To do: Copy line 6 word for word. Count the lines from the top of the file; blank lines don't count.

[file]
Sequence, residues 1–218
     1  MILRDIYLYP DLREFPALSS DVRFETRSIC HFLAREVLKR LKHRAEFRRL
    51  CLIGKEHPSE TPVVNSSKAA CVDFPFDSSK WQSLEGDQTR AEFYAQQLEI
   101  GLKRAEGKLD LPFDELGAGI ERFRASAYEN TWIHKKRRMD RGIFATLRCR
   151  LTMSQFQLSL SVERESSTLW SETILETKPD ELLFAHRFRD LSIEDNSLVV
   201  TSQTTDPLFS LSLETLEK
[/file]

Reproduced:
   201  TSQTTDPLFS LSLETLEK